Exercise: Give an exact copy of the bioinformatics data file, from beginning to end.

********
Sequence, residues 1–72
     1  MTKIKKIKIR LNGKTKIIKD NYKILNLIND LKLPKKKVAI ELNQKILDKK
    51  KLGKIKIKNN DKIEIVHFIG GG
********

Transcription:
Sequence, residues 1–72
     1  MTKIKKIKIR LNGKTKIIKD NYKILNLIND LKLPKKKVAI ELNQKILDKK
    51  KLGKIKIKNN DKIEIVHFIG GG